Geesink first participated in the European Championships in 1951, and placed second in his category. The following year, he won his first European title. Through to 1967, twenty more European titles followed.
At the 1956 World Championships, Geesink was eliminated in the semi-finals against Yoshihiko Yoshimatsu. At the 1961 World Championships, Geesink, then 5th dan, became World Champion in the open class, defeating the Japanese champion Koji Sone. Japanese judokas had won all the World Championship titles contested up to that point.
Judo debuted as an official sport at the 1964 Summer Olympics, which were held in the sport's home country, Japan. Although Japan dominated three of the four weight divisions (light, middle and heavy), Anton Geesink won the final of the open weight division, defeating Akio Kaminaga in front of his home crowd.
After winning the 1965 World Championships and a last European title in 1967, Geesink quit competitive judo.
Anton Geesink was one of the few 10th Dan grade judoka (jūdan) recognized by the IJF but not by Kodokan at that rank. Promotions from 6th to 10th Dan are awarded for services to the sport of judo. In 2010 there are three living 10th dan grade judoka (jūdan) recognized by Kodokan: Toshiro Daigo, Ichiro Abe and Yoshimi Osawa. The Kodokan has not awarded the 10th Dan to anybody outside Japan.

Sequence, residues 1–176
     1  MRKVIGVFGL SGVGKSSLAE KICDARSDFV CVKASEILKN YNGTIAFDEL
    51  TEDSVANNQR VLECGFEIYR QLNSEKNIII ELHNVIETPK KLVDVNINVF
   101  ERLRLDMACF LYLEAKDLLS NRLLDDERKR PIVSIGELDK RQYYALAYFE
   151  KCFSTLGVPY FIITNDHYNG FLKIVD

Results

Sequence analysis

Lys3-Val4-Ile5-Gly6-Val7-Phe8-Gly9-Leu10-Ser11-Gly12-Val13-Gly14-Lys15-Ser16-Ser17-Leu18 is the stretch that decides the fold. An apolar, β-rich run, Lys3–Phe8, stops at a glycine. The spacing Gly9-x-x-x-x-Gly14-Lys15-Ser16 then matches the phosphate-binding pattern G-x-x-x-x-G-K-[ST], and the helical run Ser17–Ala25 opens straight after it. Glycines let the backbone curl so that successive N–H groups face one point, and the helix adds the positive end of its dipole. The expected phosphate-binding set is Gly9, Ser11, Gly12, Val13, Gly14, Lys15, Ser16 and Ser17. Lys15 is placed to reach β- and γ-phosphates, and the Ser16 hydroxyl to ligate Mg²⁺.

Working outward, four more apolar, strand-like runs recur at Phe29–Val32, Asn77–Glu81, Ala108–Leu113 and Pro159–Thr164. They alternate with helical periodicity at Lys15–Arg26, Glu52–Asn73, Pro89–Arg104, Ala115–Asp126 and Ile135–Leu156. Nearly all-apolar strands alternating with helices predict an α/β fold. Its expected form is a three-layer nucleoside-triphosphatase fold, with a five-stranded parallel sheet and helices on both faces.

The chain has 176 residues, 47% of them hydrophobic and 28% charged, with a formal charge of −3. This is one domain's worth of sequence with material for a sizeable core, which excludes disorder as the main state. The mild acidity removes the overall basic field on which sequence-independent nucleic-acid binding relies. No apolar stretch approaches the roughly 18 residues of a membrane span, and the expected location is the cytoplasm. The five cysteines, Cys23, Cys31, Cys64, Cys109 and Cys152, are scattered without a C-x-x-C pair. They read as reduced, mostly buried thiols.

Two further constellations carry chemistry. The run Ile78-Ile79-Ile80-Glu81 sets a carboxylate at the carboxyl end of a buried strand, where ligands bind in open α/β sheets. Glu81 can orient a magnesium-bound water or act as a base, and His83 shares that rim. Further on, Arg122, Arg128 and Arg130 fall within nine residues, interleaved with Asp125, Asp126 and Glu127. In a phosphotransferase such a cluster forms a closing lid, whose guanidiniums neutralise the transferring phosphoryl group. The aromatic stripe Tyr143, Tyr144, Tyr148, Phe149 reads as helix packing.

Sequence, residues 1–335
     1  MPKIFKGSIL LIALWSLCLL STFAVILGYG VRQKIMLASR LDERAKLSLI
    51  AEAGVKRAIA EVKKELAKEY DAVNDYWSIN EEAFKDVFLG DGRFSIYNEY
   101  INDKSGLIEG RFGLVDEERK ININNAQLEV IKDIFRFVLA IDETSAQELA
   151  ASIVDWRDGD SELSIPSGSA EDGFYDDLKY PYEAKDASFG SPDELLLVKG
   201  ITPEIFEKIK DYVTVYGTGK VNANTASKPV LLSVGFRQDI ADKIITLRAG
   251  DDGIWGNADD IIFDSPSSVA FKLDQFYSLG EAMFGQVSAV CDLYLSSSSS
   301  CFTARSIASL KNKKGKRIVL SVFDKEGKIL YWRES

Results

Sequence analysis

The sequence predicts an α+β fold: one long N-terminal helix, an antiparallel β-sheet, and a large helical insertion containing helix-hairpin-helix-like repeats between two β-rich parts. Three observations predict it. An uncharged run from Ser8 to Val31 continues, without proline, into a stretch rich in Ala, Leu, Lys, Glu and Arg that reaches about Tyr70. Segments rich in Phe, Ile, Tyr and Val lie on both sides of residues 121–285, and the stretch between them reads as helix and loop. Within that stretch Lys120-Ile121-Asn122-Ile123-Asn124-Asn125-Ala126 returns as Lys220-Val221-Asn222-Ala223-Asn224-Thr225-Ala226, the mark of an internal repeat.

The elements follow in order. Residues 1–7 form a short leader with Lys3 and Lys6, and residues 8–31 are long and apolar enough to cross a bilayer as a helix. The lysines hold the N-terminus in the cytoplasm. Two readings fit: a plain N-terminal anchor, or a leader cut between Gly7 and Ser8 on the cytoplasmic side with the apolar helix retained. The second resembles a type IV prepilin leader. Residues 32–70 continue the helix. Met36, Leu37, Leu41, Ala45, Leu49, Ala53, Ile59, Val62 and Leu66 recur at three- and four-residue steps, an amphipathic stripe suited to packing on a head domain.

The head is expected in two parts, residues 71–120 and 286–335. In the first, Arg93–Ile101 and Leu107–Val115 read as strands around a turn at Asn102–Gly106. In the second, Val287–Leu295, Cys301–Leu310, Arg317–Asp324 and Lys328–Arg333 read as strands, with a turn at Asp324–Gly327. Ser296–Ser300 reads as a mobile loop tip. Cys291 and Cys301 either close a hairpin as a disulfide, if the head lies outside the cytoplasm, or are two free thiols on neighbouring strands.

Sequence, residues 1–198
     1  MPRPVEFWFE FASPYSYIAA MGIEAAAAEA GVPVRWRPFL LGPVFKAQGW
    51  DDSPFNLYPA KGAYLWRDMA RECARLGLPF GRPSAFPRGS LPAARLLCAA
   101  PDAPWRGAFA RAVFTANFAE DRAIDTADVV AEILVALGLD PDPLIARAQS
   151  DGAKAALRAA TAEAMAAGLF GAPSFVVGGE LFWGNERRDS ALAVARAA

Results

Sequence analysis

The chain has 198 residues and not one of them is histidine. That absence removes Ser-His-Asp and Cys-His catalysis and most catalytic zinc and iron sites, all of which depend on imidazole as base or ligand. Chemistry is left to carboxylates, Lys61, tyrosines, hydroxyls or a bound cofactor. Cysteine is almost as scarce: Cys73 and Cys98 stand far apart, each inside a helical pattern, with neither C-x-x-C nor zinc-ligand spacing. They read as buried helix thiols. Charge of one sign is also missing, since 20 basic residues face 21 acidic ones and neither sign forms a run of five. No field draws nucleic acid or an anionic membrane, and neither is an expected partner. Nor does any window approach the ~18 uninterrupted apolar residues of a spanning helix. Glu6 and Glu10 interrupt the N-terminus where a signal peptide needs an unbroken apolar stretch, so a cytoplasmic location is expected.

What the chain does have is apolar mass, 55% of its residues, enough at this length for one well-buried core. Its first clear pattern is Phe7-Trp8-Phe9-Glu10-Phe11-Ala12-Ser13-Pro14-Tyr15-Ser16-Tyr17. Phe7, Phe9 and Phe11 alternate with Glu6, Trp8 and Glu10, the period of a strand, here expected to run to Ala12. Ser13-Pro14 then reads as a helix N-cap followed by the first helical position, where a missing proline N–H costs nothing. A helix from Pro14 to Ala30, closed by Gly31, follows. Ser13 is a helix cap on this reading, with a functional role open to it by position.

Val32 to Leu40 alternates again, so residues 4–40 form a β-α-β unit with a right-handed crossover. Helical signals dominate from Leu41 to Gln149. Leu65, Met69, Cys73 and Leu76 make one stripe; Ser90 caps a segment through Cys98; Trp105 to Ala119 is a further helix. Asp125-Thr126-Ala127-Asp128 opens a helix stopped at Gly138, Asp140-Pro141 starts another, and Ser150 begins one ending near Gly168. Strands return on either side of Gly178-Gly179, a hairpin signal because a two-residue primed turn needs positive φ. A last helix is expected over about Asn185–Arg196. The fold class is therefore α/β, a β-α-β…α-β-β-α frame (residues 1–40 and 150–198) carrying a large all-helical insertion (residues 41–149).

In October 1973, All Japan Pro Wrestling owner Giant Baba recruited Anton Geesink to join AJPW. Baba sent him to Amarillo, TX and Dory Funk Jr. and Terry Funk trained him for a month. He worked for All Japan from 1973 to 1978, as a popular part-timer.
Geesink's notable professional wrestling opponents included Bruno Sammartino, Gorilla Monsoon, Dick Murdoch, Dory Funk Jr., Bobby Duncum, Bob Remus (Sgt. Slaughter), Don Leo Jonathan, and Jumbo Tsuruta.
In 1987, he became a member of the board of the Dutch National Olympic Committee, and a member of the International Olympic Committee (IOC).
Geesink was among the IOC members suspected of accepting bribes during the scandal surrounding the election of Salt Lake City as the host of the 2002 Winter Olympics. Geesink's name was cleared by the IOC which nevertheless issued him a warning for the appearance of a conflict of interest which could have damaged the reputation of the IOC.
Geesink was awarded the Order of the Sacred Treasure by the Japanese government in 1997.
His home town of Utrecht has a street named after him — which is the street he lived on for some time up until his death in August 2010.
On 29 January 2000, he was awarded an honorary doctorate by Kokushikan University, a Japanese university known for its sport education and of which four alumni are Olympic gold medalists in judo, with the following praise:
At the 1964 Tokyo Olympics, Mr. Geesink won the gold medal in the open class as the first non-Japanese. Since then, with the spirit of budō, he has contributed to the international peace and promoted the cultural exchange and friendship between the people of the Netherlands and of Japan. Furthermore, he explored judo in light of education and somatology and has been devoted to its diffusion and development. To honor his contribution to the worldwide diffusion of judo, this university, as a body which prizes the spirit of budō, awarded him an honorary doctorate of Kokushikan University."Judo: based on social aspects and biomechanical principles, divided in two parts: judo as an Olympic sport, traditional judo", Kokushikan University Publishing, 2000